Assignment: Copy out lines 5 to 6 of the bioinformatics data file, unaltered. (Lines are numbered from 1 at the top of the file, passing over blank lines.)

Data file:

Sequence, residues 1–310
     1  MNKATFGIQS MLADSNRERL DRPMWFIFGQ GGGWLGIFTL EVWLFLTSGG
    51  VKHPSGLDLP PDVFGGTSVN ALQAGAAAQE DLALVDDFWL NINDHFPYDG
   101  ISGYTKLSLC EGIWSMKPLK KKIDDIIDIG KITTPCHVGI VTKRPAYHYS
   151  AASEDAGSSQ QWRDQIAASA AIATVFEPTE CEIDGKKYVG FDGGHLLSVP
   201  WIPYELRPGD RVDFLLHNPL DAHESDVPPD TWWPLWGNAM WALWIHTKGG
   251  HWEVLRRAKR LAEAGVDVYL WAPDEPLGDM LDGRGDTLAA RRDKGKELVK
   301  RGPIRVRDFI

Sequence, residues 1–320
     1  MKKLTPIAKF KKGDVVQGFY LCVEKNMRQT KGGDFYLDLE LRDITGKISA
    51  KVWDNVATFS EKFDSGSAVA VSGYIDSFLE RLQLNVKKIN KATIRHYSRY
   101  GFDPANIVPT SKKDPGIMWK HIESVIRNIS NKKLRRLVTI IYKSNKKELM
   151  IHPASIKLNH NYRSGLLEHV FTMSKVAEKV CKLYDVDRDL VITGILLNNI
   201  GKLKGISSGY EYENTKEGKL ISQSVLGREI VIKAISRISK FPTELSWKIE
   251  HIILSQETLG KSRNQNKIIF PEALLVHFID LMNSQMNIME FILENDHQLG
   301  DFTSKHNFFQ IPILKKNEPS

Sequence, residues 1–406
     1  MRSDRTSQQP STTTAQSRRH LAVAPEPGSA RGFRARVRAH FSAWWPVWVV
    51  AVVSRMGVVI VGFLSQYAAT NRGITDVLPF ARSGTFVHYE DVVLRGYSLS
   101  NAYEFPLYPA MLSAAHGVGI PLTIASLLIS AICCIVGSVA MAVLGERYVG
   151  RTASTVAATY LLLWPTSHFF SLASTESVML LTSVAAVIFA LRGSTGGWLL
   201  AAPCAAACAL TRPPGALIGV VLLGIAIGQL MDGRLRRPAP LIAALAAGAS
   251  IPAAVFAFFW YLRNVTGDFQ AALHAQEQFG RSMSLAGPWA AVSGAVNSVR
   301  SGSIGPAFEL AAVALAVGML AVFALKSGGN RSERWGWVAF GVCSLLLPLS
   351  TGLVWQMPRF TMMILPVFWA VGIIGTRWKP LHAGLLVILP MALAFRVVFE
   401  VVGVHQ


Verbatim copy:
   151  AASEDAGSSQ QWRDQIAASA AIATVFEPTE CEIDGKKYVG FDGGHLLSVP
   201  WIPYELRPGD RVDFLLHNPL DAHESDVPPD TWWPLWGNAM WALWIHTKGG